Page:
Why Reviewing Your Stats For 2019 Is A Bad Idea

This post goes against pretty much every business plan ever written. You know the ones – the first 5 pages are spent disecting the current year, and from there you are supposed to spend the next 5-10 pages mapping out the next year?

Have you ever actually filled out those first 5 pages? I mean really filled them out where you analyze your business down to the last detail? I haven’t. At best I’ve made up some numbers so that I can say I filled it out.

For me, business plans like that are overwhelming, and start me off feeling less than. Since I can’t / won’t take the time to figure out the details of the current year, then by the time I get to planning the upcoming year I’m feeling defeated and like I don’t want to do this anymore.

Assuming we are setting goals because we want next year to be somehow different than this year, why don’t we listen to Einstein to said:

“We can’t solve problems by using the same kind of thinking that created them.”

Now maybe your business isn’t a problem. I may have over exaggerated on that one. But if Einstein can get me out of filling out those 5 pages and dissecting my business, I’m going to run with it.

What if we let all of those stats go? What if – instead of focusing on what your average price point was last year and you focused all of your energy and actions on what you want it to be this year?

What if you didn’t base your identity as a listing agent or a buyers agent based on last years numbers and instead focused your actions solely on what you want to create for next year?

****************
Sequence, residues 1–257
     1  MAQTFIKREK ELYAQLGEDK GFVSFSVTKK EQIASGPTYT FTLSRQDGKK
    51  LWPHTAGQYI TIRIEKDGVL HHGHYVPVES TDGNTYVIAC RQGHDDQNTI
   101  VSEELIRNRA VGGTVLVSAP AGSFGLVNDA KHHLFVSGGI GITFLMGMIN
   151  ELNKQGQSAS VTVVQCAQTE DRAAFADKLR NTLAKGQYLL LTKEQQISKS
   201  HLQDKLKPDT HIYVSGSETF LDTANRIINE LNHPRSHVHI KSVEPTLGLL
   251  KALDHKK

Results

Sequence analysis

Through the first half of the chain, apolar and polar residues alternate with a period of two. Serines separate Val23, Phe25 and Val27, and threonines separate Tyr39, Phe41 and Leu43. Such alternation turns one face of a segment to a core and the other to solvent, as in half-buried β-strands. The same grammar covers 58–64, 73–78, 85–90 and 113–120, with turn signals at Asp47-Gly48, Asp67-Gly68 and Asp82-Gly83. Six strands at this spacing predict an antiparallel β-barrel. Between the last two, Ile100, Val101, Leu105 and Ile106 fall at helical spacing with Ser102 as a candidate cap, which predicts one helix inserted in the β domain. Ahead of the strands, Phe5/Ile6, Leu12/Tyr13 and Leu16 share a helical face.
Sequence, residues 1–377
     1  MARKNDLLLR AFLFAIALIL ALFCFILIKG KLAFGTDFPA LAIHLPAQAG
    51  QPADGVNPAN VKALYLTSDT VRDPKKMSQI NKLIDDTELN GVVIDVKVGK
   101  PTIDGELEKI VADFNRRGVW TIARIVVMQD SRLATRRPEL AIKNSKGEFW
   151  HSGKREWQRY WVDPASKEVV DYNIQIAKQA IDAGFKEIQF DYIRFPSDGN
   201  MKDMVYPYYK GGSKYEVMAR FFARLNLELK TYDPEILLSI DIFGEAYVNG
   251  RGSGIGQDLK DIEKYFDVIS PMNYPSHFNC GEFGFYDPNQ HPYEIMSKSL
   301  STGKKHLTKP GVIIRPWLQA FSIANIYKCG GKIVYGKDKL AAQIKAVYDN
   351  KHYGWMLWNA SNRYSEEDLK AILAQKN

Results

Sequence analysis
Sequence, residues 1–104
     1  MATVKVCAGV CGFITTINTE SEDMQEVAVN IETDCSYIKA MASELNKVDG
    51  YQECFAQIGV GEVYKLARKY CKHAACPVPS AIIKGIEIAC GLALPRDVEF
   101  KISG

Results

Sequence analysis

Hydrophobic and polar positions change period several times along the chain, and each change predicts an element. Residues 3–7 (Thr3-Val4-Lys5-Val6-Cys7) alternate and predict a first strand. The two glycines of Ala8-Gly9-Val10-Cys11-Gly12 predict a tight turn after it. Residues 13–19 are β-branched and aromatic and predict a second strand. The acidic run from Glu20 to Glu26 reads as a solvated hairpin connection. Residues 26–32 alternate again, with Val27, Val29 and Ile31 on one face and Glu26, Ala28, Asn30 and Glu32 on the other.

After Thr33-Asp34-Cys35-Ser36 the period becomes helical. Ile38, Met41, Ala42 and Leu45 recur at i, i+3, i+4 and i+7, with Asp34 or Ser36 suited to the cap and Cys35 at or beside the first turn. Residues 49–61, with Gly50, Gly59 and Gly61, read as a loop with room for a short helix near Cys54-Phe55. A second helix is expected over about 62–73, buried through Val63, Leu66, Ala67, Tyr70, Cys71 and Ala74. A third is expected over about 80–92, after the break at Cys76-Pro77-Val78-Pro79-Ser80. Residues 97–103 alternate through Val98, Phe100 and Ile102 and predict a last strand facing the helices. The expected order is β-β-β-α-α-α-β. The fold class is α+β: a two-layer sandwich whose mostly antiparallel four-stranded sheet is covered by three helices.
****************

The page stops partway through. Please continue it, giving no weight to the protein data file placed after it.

I realize that in theory that is what all business plans do, but I would argue that we spend too much time looking at the past and it makes it harder to create a new future.

Here are 5 things you can do to create the business you want for next year:

  1. Look at where your business came from last year: This is a 2 minute exercise. You don’t have to figure out what marketing worked, or anything super detailed. Just look at your closings and see where they came from – referals, a networking group, open houses, other agents, etc.
  2. Do more of that – Whatever your best source was, figure out how you can do more of that in 2020. What if you doubled your FORD calls or you time spent with an organization? How would that affect your business?
  3. Decide what your ideal price point and location is for your business – Commit to being in 10 properties a week that fit that criteria. It can take time to build, but it will work, especially if you do open houses here too.
  4. What didn’t work this year – Look at what you did that didn’t work. Did it take too much time or cost too much money? What’s one thing you can let go of to free up time next year?
  5. What one thing will you do differently – You don’t need a list of 15 new things to make next year great. You need one thing, done consistently. Make your commitment, and in a perfect world, start it now to get the momentum going.

To your success!

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